hair pigment patterns
Life and Medical Sciences
Wiley InterScience Backfile Collection 1832-2000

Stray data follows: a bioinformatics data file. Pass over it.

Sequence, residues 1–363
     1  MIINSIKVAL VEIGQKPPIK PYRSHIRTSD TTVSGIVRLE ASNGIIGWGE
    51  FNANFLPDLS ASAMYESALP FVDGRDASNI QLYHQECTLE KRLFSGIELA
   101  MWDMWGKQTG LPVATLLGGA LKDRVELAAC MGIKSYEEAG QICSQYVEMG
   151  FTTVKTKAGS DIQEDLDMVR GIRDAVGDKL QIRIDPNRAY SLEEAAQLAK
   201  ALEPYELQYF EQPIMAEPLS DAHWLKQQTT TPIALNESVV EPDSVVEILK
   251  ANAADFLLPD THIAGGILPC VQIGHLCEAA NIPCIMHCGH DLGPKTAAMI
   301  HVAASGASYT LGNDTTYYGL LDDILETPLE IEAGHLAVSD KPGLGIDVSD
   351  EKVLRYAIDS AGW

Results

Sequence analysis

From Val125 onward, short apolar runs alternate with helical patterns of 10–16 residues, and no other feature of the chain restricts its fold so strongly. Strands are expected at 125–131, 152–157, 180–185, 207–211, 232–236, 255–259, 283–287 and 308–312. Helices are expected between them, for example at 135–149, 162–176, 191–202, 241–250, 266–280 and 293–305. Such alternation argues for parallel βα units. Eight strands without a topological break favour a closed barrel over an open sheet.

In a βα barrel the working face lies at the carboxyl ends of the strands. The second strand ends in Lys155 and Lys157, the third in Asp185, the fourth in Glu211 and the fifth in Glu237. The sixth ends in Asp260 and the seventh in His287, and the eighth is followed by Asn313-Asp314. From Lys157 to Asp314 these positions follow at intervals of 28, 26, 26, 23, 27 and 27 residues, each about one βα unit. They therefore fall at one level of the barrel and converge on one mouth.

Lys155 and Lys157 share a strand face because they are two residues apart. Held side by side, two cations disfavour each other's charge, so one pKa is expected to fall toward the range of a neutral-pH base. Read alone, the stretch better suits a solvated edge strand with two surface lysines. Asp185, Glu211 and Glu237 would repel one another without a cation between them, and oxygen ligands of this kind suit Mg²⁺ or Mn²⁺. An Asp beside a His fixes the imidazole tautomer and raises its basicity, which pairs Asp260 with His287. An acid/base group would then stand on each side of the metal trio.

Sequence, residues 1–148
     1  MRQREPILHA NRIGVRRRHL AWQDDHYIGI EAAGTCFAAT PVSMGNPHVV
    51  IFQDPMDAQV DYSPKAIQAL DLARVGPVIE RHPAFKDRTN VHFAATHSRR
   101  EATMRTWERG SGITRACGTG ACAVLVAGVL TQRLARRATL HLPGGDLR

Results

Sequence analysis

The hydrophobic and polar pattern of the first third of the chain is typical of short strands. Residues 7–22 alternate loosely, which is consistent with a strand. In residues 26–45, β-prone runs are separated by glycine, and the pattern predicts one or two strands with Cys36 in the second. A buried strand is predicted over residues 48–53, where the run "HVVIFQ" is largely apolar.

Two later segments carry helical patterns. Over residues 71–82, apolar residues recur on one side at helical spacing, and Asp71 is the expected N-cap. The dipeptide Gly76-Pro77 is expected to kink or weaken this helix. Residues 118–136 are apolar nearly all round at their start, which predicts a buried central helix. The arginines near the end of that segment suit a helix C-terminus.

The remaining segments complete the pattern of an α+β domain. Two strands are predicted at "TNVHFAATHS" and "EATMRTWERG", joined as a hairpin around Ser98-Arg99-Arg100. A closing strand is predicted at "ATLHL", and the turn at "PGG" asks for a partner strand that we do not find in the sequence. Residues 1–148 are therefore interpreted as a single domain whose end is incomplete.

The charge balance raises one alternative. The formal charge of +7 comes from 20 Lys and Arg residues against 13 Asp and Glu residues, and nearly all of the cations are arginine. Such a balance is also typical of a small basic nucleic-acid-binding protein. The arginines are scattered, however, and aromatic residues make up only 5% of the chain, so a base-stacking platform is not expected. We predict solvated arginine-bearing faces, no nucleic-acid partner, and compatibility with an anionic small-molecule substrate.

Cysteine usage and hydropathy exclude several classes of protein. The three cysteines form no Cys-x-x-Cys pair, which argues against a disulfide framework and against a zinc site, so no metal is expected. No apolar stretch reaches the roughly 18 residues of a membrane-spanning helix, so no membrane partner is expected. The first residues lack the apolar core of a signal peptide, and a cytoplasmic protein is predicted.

This study was conducted to assess microenvironmental variability within integumental tissue of genetically identical mice with respect to a specific cellular response: cyclic synthesis of yellow and black pigment by hair bulb melanocytes. Crosses were performed within and between inbred strains of mice that were isogenic with the exception of a single gene substitution at the agouti locus. Agouti locus genes included the Avy, Aw, A, atd, at, ax, am, and a alleles. The pigment patterns of dorsal, flank, and ventral hairs of the first and third hair generations and of hairs growing in special integumentary areas such as the pinna, tail, and hind foot were studied. It was found that the amount of yellow pigment synthesized by hair bulb melanocytes within genetically identical mice is both agedependent and conditioned by the integumentary environment. Furthermore, the special integumentary regions produce hairs with a variety of pigment patterns in which the distribution and relative amounts of black and yellow pigments do not necessarily conform to dominance relationships expected among agouti locus alleles as judged by their effects on the pigmentation of the dorsal pelage. We conclude that within genetically uniform integumental tissues, microenvironmental differences occur and are reflected as alterations in the metabolic pattern of differentiated cells.
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